27 Oct 2017
Hunger in Malaysia on the Decline
Hunger in MalaysiaMalaysia has shown remarkable economic progress over the past several decades, with poverty falling from 49.3 percent in 1970 to 23 percent in 1989 and 1.7 percent in 2012. One of the key aspects of the New Economic Policy adopted by Malaysia was creating a “Pro-Poor” policy. According to the World Bank, “the NEP contributed to poverty reduction and helped provide opportunities to poor households.”
However, Malaysia’s Poverty Line Income differs from the standard $1 USD per day (purchasing power parity) poverty line. When converting to international standards, it results in Malaysia having a higher poverty rate.
There has never been a problem of chronic hunger in Malaysia. Many nutrition programs have been incorporated into the rural development programs and have proved successful. According to the World Health Organization, consumption of fewer than 1,960 calories a day is a mark of food poverty. A great indicator of successful eradication of hunger in Malaysia lies in the fact that its daily per capita intake of calories has been consistently above the standard mark. The average was 2,969 in 1999.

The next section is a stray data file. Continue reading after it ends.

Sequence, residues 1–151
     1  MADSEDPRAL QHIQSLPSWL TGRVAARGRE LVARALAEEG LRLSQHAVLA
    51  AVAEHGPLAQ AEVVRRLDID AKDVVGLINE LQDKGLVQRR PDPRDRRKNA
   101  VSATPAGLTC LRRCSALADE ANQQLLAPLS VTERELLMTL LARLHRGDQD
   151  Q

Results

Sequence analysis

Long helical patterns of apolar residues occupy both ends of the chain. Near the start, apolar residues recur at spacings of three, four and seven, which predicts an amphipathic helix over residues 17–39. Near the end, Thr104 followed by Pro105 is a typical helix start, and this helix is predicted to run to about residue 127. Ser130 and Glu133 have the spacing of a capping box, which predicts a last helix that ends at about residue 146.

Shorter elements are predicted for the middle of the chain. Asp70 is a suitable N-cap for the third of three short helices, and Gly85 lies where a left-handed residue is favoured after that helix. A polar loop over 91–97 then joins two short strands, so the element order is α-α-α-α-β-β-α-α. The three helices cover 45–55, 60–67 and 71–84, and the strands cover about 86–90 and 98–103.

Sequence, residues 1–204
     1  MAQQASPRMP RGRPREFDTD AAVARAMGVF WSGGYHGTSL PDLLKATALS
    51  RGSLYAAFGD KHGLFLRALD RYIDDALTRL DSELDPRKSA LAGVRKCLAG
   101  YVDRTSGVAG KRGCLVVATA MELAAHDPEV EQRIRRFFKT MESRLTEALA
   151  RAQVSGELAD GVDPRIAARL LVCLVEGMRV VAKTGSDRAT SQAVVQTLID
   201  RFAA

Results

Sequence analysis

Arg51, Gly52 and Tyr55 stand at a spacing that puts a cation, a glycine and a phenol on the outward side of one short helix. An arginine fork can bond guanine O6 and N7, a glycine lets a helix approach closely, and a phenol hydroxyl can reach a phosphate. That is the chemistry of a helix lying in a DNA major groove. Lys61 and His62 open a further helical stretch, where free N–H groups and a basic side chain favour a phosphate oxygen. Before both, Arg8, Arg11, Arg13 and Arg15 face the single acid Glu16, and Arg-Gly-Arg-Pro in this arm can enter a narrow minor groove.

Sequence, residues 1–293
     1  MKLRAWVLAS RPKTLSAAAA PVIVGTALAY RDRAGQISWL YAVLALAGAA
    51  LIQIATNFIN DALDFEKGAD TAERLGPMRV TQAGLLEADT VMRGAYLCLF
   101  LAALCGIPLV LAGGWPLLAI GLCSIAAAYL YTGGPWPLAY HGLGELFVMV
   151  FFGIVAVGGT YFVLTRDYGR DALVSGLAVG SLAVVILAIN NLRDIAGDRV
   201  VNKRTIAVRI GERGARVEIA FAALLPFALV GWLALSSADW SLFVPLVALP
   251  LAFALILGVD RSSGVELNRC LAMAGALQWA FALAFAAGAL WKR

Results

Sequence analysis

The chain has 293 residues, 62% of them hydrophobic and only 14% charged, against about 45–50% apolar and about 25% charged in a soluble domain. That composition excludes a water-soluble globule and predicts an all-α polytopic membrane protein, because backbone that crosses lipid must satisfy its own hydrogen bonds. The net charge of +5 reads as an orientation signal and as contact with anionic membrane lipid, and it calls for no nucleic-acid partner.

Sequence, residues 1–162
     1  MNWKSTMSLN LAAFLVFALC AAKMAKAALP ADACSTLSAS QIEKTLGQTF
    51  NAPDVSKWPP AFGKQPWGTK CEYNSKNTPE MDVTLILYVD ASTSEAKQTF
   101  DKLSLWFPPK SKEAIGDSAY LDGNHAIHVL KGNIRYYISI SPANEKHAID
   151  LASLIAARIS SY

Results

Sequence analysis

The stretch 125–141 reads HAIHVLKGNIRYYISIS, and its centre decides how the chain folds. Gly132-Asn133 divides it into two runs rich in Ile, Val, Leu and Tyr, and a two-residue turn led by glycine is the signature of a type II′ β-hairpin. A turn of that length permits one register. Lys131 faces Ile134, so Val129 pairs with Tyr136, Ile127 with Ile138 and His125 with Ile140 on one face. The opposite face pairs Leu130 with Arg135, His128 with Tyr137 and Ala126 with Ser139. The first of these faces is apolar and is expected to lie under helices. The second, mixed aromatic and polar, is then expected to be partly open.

The government introduced the Applied Food and Nutrition Programme in 1972 to improve nutrition and alleviate hunger in Malaysia. It aimed to increase the production of nutritious foods and promote supplementary feeding of pregnant and lactating mothers as well as infants and school-going children.